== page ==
The first step performed by the Adaptation Module 16 is to trigger the Content Analysis module 20, by passing to it details of the original source web content to be adapted. The Content Analysis module 20 then retrieves the original content source from the Content source store 22 (which stores all the web content source created by developers/authors), and passes the retrieved content source to the Content Tidying module 18 for conversion to an xHTML file. The function of the Content Tidying module 18 is to tidy up the structure of the mark-up language (web content) and convert it into xHTML structure format. xHTML format provides a neat and tidy structure for the Content Analysis module 20 to perform the analysis task. The Content Tidying module 18 can be provided by using 3rd party software such as TIDY, available at the priority date from http://tidy.sourceforge.net/. As such, no further details of the operation of the content tidying module 18 will be given here. The Content Tidying module 18 passes back the tidied xHTML file to the Content Analysis module 20.

Having received the tidied web content, the Content Analysis module 20 then performs the following tasks in sequential order:

    • i) calculates the total and individual pixels and characters of display objects in the web content;
    • ii) detects the functions of individual objects in the web content (normally they are the tags in a web page). For example, an object may possess a styling, structural or display tag;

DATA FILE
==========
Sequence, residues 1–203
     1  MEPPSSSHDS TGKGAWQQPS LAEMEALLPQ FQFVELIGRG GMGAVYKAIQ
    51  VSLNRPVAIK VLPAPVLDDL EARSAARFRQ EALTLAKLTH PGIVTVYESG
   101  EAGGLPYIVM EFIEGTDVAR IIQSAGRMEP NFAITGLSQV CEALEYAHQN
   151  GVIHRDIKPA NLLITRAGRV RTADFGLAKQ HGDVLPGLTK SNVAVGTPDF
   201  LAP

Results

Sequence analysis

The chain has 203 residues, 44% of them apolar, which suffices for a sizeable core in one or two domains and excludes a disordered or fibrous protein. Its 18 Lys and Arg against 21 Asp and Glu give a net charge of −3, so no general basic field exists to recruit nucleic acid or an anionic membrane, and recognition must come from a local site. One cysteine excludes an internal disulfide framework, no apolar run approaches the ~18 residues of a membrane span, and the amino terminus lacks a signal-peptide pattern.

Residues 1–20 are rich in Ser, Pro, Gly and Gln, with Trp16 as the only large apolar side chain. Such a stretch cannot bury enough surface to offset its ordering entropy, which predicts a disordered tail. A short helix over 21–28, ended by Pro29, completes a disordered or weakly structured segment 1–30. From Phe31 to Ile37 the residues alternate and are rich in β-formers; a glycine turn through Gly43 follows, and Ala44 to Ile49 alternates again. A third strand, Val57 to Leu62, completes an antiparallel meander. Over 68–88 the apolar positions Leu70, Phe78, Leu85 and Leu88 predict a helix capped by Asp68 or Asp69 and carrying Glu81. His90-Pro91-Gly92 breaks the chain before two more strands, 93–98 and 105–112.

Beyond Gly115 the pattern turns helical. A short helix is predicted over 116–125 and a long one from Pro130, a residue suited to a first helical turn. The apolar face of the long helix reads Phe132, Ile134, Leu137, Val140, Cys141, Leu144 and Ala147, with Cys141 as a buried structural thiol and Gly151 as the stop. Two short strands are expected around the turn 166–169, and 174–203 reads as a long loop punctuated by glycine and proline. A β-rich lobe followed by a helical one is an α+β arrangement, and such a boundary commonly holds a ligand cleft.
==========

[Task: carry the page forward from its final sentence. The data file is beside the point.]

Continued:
• iii) groups single objects based on their structural behaviour (information from object tag); and then
    • iv) matches the display object display patterns, and groups them together to form a group (performed using a Pattern Matching algorithm).

These four tasks are performed by respective dedicated algorithms, the details of which are given next.

Concerning the first task, the purpose of this is to calculate the pixels/size of display objects such as text, image and etc. The algorithm which performs this task will first detect the type of display object. The algorithm then applies different analysis logic for different type of display objects. For example, if the display object is a text object, then it gets the length, font style and size and calculate the pixels based on these input. If the display object is an image/apple/object, then the algorithm will calculate total pixels based on width and height of the object. For the rest of the display objects, the algorithm will calculate total pixels based on the width, height and/or width/height attributes set in the parameter of the object (if it is specified in the HTML content). The exact steps performed by this algorithm are shown in FIG. 3, and described next.

Referring to FIG. 3, the first step to be performed by the algorithm at step 3.2 is that it detects an individual display object within the tidied web content. Then, at step 3.4 an evaluation is made to determine whether or not the detected display object is text. If this evaluation returns positive, such that the detected display object is determined to be text, then at step 3.6 the length of every text string within the display object is obtained. Next, at step 3.8 a text tag is created for every string, and at step 3.10 the numbers of characters in the string determined at step 3.6 is set as an attribute of the text tag.

Next, at step 3.12 the font and style of every text string is determined, and then at step 3.14 the size of every text string is also determined. Using this information, at step 3.16 the height and width of the text string based on their font, style, and size attributes is calculated and these calculated height and width values are set as further attributes of the text tag for each string at step 3.18. The process for that particular display object which was determined to be text then ends at step 3.50, and the process starts once again at step 3.2 to detect the next display object in the web content. Once all of the display objects have been processed by the algorithm, then the algorithm is not repeated.